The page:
The Chr. Hansen Auditorie
University of Copenhagen
Øster Farimagsgade 5 Copenhagen
Beginning with some personal reflections on the role of stories in my own life, I will go on to reflect on our species’ urge to construct and rehearse stories. My central example will be Shakespeare’s King Lear, but I will range from the apocryphal Vita Adae et Evae to contemporary evolutionary biology.
Professor of classical philology and Director of the Danish Academy at Rome, Marianne Pade:
Stephen Greenblatt is one of the world’s leading literary theorists and Shakespeare scholars. He is often regarded as the main founder of New Historicism, a term he first used in his 1982 introduction to The Power of Forms in the English Renaissance; he himself has referred to New Historicism as ‘cultural poetics’. The approach has been one of the most influential strands of literary criticism over the last decades and has had an immense impact on English literary history.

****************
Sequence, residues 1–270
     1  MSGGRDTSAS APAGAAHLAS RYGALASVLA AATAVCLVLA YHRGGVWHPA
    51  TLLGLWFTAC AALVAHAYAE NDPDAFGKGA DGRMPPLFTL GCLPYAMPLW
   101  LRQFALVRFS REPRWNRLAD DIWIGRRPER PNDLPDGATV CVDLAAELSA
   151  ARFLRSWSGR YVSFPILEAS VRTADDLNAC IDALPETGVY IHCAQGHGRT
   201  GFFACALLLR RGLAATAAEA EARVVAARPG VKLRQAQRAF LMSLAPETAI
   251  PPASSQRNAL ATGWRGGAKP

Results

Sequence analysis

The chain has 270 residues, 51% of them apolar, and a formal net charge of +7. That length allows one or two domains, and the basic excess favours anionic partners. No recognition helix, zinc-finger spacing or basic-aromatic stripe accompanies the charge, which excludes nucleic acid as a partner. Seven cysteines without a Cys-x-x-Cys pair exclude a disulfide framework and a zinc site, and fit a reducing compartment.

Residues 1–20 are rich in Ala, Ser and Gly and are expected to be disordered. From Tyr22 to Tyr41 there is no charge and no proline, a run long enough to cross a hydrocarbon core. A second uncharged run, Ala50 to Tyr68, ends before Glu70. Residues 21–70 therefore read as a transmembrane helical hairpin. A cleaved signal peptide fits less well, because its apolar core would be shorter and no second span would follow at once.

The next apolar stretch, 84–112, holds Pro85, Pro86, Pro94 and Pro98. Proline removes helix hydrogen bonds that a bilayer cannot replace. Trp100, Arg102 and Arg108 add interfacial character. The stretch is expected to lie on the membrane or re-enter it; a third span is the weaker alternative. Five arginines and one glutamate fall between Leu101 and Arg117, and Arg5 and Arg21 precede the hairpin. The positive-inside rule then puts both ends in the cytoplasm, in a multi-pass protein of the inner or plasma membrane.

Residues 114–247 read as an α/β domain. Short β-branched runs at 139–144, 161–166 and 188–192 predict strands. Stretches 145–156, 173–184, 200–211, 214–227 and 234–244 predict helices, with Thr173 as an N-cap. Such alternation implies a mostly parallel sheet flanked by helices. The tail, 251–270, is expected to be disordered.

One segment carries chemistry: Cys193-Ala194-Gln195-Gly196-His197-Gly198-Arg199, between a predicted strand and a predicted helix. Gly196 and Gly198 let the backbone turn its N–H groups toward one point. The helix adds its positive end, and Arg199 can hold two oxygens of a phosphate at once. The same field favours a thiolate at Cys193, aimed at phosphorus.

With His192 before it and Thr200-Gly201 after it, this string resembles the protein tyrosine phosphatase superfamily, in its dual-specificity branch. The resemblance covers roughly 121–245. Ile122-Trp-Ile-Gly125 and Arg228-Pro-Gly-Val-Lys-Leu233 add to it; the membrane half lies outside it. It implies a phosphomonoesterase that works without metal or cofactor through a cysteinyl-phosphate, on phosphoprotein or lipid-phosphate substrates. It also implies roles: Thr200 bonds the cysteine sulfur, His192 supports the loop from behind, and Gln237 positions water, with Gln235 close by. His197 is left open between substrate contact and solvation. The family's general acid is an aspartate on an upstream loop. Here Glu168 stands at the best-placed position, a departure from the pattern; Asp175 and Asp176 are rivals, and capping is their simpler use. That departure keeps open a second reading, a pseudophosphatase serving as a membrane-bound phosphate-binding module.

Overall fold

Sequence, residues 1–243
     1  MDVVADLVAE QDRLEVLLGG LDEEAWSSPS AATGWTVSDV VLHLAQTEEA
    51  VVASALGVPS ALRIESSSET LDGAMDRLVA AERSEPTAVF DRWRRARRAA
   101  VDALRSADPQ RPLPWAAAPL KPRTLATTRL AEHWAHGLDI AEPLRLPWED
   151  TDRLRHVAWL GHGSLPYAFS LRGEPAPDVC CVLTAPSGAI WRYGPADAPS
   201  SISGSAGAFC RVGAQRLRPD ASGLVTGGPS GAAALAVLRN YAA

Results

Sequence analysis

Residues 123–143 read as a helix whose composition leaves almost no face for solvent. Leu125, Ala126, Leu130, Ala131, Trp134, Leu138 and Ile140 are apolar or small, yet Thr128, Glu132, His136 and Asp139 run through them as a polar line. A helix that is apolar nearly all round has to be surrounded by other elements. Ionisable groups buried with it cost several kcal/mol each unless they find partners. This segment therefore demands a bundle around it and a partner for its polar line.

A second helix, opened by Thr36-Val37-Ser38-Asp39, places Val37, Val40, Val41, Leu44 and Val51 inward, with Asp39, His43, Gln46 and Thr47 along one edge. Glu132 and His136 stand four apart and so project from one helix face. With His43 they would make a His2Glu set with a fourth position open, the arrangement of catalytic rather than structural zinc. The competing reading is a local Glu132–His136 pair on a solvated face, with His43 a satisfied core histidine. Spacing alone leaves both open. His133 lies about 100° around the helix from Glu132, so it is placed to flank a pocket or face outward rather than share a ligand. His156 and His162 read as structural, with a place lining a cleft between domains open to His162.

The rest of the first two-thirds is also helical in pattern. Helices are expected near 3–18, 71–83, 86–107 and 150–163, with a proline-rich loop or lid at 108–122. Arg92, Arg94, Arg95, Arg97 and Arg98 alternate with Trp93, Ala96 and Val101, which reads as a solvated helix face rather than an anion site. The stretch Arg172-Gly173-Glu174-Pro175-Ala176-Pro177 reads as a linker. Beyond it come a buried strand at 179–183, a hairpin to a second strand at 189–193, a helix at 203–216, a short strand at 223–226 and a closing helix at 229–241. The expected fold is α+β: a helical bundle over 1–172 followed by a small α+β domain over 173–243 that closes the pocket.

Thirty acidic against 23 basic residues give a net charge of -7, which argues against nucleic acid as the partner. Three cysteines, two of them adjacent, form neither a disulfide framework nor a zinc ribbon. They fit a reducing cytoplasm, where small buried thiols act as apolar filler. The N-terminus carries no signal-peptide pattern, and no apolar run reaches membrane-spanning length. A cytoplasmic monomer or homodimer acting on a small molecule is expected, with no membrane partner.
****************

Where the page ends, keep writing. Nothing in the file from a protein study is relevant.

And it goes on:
Greenblatt has published widely on literary theory and within the fields of cultural, Renaissance and Shakespeare studies. His 2004 biography of Shakespeare, Will in the World: how Shakespeare became Shakespeare, was on the New York Times Best Seller List for nine weeks, and he has won several prestigious prizes and awards, among them the 2012 Pulitzer Prize for General Nonfiction.